Saturday, June 29, 2024

Key Take-Aways About Social Security From a Webinar


I recently attended a webinar about Social Security retirement and survivor benefits by OneOp with an emphasis on retirement and survivor benefits. Below are seven key take-aways:




 Benefit Payments- Retirement benefits are determined by the amount workers earn and pay in FICA (Federal Insurance Contributions Act) tax, which often shows on paychecks as OASDI. Total FICA tax is 15.3% of gross earnings: 7.65% each paid by workers and their employers. The 7.65% tax is divided: 6.2% is for Social Security and 1.45% for Medicare.

 

Benefit Credits- Workers earn credits (a.k.a., quarters of coverage) when they work and pay FICA tax. To qualify for future benefits, they need 10 years of work (40 credits) and must be age 62 or older. In 2024, at least $1,730 of earnings in a three-month period provides one credit and workers can earn a maximum of four credits per year.

 

Benefit Calculation- Workers’ wages are inflation-adjusted for changes in wage levels over time and the highest 35 years of earnings are used to determine “average indexed monthly earnings” upon which benefits are based. If there are less than 35 years of career earnings, years without earnings are counted a $0 in the benefit calculation formula.

 

Benefit Reductions- Workers with a pension derived from work not covered by Social Security who qualify for Social Security anyway (e.g., by earning 40 credits from side hustles) will have a different benefit computation resulting in a lower Social Security benefit. Those under full retirement age (67 if born in 1960 or later) who work while receiving benefits are affected by an annually inflation-adjusted earnings limit ($22,320 in 2024).

 

Taxation of Social Security- Tax on Social Security is based on a calculation called “combined income” (adjusted gross income + nontaxable interest earned + half of Social security income). If combined income is greater than $25,000 for single taxpayers and $32,000 for couples filing jointly, a portion of Social Security is taxable. Social Security recipients can request that the Social Security Administration withhold taxes to cover their extra tax liability.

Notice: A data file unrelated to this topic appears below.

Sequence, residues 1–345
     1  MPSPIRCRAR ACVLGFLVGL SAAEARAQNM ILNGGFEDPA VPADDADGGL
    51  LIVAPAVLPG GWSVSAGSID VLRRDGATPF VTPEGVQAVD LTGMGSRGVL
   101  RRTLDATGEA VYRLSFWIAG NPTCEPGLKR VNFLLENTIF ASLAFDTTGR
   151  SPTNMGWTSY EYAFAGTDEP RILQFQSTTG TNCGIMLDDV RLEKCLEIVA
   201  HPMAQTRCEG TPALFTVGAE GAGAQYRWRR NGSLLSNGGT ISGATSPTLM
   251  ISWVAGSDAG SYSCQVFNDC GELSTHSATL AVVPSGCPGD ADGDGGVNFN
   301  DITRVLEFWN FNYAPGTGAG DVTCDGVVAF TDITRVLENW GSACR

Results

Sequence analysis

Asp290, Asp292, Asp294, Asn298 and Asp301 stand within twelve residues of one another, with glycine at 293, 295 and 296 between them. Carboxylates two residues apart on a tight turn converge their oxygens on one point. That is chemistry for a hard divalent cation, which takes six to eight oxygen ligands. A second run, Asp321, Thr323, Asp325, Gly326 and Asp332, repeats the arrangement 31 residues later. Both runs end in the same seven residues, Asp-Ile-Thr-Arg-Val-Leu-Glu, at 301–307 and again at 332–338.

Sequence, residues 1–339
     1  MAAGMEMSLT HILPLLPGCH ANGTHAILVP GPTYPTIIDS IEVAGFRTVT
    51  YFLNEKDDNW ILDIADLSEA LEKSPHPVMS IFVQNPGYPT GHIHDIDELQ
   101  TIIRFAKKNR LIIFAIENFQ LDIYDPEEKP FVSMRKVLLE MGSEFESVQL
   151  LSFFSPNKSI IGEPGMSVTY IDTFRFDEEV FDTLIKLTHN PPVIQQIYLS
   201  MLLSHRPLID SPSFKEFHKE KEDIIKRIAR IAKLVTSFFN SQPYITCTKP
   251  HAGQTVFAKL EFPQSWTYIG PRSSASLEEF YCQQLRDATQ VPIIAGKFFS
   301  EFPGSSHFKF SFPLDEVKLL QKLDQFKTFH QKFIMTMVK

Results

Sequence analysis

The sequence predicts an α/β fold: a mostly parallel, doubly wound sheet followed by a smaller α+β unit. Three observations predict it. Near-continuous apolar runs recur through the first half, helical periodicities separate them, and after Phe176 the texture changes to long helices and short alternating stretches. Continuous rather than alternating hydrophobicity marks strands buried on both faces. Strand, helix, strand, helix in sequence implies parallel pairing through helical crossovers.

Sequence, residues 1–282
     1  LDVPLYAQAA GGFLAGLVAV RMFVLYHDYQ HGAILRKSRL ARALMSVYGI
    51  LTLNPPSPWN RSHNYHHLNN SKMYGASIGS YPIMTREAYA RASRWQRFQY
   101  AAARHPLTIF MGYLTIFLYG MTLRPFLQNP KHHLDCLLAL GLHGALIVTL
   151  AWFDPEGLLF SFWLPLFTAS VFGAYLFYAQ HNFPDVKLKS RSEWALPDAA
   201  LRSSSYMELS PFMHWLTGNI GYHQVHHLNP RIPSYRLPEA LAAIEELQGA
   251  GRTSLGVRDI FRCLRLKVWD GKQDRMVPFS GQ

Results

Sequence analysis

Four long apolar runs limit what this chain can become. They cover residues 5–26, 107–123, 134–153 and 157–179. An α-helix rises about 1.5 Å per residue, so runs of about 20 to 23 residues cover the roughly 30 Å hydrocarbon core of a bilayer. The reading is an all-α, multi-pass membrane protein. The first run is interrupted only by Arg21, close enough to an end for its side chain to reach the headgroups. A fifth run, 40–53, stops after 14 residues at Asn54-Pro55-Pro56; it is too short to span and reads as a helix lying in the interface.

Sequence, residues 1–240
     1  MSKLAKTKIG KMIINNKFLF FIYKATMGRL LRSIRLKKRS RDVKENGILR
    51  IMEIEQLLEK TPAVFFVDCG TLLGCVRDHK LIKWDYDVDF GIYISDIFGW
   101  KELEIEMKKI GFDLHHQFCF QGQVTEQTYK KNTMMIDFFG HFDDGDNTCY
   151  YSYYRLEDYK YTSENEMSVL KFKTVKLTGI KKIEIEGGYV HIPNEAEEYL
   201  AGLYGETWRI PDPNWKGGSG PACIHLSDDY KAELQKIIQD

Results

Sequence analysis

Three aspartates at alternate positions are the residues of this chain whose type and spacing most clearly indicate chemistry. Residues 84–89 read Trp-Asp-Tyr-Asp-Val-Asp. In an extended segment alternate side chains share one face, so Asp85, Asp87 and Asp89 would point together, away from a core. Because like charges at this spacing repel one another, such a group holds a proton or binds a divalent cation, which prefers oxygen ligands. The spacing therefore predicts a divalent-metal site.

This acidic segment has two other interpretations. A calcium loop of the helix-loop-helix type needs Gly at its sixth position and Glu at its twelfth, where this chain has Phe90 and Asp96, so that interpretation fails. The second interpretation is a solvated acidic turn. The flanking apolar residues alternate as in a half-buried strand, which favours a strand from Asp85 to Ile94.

Spousal Benefits- Spouses receive the higher of a benefit based on their own work record or half their spouse’s benefit. If a spouse’s own benefit is less than 50% of a worker’s, they are combined to equal 50% of the worker’s. Spousal benefits are not paid until a worker collects.

 

Divorced Spouses- Divorced spouses may receive benefits on a former spouse’s record if the marriage lasted at least 10 years, they are unmarried, they are age 62 or older, and the ex-spouse is at least 62 and eligible for retirement or disability benefits, even if not collecting. A current spouse and ex-spouse get the same amount up to the total cap for all benefits.

 

For additional information about Social Security, visit www.ssa.gov or schedule an in-office appointment at 1-800-772-1213. Get a personal Social Security benefit estimate at www.ssa.gov/myaccount.


This post provides general personal finance or consumer decision-making information and does not address all the variables that apply to an individual’s unique situation. It does not endorse specific products or services and should not be construed as legal or financial advice. If professional assistance is required, the services of a competent professional should be sought.

 

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